The Early Days of a Better Nation

Wednesday, August 11, 2004

New Light from the East

Avedon wonders if Mark Ames is 'that lefty I've been hearing so much about', and praises with just a hint of bemusement his savage insight into 'The Spite Vote'.

Mark Ames, steeled by his years over there in the glorious post-Soviet future-and-it-works, is an original and offensive left gonzo journalist. Here's his unforgettable takedown of the response to 9/11 of the pseudo-anarchist liberal Chomsky :
The lack of dynamism or discovery is why, in spite of appearing so "radical" to more dull-witted crackers, Chomsky comes off as flat, fake, ineffectual, especially now, when something new and interesting is required.

Contrast this with real radicals from the past, people of words and action, who were confident enough in their radicalism to adapt and change when paradigm-shaking events overtook them, rather than merely acting out their narrow role. There's the example of the Jewish-Italian anarcho-syndicalist Camillo Berneri, who in 1917 eagerly rushed to the front on behalf of a bourgeois regime he was trying to overthrow, writing: "There are occasions when to get oneself killed is the most logical solution, and to get oneself killed becomes a moral necessity. Cases of conscience are more terrible than Austrian bullets or asphyxiating gases." Or Paul Nizan, the most bilious of all of France's France-hating Marxist intellectuals, who volunteered for and died at the front in 1940.
It's the Nizan ref that's the clincher, for anyone who's read The Watchdogs, a book that did for philosophy what a dead cat through a closed window does for a church.

Or take this incisive analysis of the condition of the working class in the imperialist heartlands:
I'd moved to Louisville with not even a fork or a spoon. Wal-Mart sells all that -- hamper, dishes, utensils, dish rack, sheets, telephones, you name it -- for prices so incredibly low that I was genuinely grateful. I thought about Wal-Mart's union busting, its abused work staff of geriatrics and economically desperate wage slaves, its stocks of Third World products which in turn further destroyed America's manufacturing, it's aesthetic Sovietization of America... and then I thought about my own shitty fiscal situation. Conclusion: "Fuck 'em."

Wal-Mart is one of the few bones with a little meat on it that America throws to its tens of millions of lower-middle and semi-middle classes. Goods that once may have been unattainable are now attainable, almost free, thanks to union busting, employee abuse, Third World slave labor, the destruction of over-priced ma and pa stores, the homogenization of Middle America and every other horrible sin. When I said "Fuck 'em," I didn't mean it in the sense that I'd turned coat and gone right-populist like some David Horowitz. I just meant that I needed those cheap dishes.
Ames goes on to give a cogent analysis of the vicious circles of globalization, stuffed to the gills with quotable quotes ('The rightwing oligarchy and its mandarins explain away globalization's savage effects on the lower classes as all part of prophet Adam Smith's wonderful plan for humanity'), glances at the role of the Russian intelligentsia (the only class to have destroyed the same state twice, and itself twice with it) and concludes with the intriguing hypothesis that the American hard left fails to connect not because it's elitist, but because it's not elitist enough. (Dress like somebody whose lifestyle people might aspire to, not like somebody they would cross the road to avoid.) And there's plenty more where that came from. Not all of it is by Ames, and not all of it can be recommended to those of a sensitive disposition. Nevertheless, the eXile holds out a glorious vision of a future liberated America:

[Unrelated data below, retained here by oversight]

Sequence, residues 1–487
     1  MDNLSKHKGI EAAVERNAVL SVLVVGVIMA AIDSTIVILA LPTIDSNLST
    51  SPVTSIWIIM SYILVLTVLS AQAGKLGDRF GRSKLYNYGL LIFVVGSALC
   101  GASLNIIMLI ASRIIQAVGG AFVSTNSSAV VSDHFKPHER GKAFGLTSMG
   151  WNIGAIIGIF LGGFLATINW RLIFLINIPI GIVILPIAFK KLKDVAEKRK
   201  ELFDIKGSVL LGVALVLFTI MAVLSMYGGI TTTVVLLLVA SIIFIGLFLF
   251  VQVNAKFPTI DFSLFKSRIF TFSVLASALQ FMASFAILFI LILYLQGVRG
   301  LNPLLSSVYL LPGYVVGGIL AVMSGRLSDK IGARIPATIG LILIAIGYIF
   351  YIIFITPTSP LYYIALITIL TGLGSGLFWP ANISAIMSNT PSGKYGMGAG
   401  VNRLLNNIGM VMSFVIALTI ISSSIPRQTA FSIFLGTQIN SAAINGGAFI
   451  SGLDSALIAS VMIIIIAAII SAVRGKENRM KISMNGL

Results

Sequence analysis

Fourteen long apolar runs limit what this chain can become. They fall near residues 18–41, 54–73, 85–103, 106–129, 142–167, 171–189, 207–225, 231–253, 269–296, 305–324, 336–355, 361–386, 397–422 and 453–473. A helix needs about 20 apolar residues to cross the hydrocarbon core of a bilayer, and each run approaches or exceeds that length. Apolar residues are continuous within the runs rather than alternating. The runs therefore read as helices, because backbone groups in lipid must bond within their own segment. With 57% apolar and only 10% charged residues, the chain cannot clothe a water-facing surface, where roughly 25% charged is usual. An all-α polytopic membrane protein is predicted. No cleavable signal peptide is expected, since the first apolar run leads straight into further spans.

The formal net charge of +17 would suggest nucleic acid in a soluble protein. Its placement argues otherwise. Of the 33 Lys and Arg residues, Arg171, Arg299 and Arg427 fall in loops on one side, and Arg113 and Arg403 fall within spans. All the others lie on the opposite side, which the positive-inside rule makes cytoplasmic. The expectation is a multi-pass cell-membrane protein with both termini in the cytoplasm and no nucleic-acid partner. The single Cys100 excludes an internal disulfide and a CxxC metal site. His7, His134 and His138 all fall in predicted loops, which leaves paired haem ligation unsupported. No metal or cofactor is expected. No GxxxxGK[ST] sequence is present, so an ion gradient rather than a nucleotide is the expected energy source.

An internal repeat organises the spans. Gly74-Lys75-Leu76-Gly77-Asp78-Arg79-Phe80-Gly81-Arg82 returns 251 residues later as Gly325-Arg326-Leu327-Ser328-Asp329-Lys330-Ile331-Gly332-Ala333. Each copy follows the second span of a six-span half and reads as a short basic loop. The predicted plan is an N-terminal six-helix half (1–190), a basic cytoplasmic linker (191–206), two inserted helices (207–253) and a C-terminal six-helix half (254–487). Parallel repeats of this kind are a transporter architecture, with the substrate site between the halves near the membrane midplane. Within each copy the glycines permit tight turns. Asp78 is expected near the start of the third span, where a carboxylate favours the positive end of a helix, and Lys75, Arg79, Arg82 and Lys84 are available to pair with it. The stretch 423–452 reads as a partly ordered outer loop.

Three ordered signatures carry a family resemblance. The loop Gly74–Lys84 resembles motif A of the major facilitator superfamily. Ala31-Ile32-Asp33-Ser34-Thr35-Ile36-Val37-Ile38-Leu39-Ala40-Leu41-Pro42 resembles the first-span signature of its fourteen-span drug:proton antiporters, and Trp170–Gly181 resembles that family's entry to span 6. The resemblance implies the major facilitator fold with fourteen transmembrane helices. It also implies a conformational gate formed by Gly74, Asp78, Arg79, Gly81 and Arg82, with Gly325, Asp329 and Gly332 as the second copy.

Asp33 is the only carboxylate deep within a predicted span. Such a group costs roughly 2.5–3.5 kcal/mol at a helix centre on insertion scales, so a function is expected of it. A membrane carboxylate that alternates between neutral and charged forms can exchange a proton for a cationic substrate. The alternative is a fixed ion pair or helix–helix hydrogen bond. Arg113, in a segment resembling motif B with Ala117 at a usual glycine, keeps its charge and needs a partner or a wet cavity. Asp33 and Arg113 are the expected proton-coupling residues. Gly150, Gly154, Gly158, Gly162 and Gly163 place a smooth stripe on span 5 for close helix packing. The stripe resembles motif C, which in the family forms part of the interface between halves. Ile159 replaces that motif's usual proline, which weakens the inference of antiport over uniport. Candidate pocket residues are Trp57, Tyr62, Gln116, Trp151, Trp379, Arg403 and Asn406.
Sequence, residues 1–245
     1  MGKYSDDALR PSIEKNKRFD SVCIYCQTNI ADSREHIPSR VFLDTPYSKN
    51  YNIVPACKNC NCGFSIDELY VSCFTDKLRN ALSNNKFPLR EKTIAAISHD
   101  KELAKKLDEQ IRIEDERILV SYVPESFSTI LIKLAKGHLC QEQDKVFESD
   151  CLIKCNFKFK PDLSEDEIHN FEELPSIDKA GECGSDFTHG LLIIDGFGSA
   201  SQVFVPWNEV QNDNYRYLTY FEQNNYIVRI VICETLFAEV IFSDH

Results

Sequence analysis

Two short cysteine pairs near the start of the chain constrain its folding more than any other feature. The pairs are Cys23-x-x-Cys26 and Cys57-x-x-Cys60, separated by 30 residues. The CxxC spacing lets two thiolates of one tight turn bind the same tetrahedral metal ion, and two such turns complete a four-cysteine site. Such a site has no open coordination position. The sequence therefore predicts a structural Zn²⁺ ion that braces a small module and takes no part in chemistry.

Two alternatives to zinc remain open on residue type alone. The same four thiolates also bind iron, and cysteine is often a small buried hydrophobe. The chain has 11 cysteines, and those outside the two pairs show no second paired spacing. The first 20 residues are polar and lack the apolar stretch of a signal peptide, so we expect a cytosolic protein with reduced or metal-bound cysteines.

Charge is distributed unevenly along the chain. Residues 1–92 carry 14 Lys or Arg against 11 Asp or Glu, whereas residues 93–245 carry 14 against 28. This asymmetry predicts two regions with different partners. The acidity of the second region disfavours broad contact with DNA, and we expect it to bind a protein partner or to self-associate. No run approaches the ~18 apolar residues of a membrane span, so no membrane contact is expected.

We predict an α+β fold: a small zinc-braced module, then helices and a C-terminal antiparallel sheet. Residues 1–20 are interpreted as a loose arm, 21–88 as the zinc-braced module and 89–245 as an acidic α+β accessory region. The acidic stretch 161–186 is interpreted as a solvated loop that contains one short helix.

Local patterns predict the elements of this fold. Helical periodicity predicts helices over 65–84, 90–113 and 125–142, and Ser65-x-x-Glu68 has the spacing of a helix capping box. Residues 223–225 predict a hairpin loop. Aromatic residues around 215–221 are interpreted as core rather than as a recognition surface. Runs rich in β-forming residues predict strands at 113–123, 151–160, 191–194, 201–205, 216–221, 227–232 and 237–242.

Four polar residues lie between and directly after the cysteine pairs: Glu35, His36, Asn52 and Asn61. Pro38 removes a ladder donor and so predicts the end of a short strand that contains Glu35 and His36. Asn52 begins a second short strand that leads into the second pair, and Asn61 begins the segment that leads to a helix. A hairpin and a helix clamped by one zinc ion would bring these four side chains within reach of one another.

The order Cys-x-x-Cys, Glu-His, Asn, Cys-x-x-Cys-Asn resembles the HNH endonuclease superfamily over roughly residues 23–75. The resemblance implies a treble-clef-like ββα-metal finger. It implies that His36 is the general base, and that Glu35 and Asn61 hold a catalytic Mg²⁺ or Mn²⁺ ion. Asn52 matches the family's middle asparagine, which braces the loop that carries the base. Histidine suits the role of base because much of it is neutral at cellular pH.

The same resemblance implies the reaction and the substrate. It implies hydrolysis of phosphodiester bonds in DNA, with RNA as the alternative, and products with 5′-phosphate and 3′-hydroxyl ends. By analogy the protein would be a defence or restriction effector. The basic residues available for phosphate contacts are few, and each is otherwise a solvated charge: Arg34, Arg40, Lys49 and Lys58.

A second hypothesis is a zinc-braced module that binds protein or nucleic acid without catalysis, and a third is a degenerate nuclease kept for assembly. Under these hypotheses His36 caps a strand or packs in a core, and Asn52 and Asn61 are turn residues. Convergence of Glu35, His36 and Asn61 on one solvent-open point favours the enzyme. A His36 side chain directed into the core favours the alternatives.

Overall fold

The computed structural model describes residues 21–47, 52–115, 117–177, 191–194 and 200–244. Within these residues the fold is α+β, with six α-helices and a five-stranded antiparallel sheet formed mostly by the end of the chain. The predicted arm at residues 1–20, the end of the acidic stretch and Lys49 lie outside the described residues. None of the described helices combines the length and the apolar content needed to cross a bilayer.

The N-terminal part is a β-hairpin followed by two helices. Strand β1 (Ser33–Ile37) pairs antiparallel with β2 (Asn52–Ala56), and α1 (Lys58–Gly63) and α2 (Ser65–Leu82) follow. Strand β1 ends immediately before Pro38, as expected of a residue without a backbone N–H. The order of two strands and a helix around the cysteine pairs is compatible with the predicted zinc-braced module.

The task facing UN forces now is "De-Bushification" of the occupied US. UN Courts will soon convene to try several thousand Yankee suspects held for Crimes against Humanity that claimed as many as 60 million victims from Kuala Lumpur to Oslo. Some of the most influential "chickenhawks," including Wolfowitz, Rumsfeld and Cheney, have agreed to testify in exchange for immunity. A British military lawyer preparing the UN's case says, "This lot have turned on each other like rats in a trap, squealing at full pitch."

While the top Bushites face stiff sentences, the ordinary Yankee will be treated with mercy. UN officials who have researched pre-war Yankee psychology stress that the ordinary Yankee "kubik" (derived from "cubicle-slave," a derisive term for Yankee workers) was a victim of the Bushites. "The kubiks were virtual serfs, working 70 hours a week with no medical care or childcare. There was daily propaganda designed to keep them in a state of terror. Anyone who spoke up was punished. They had no choice but to obey."
Nice to see that even in these troubled times the eXile doesn't get all bitter and twisted. Read it regularly, if it survives its latest outrage. If it doesn't, and even if it does, you can always browse its archive.

(Update: slightly edited to remove excess irony.)


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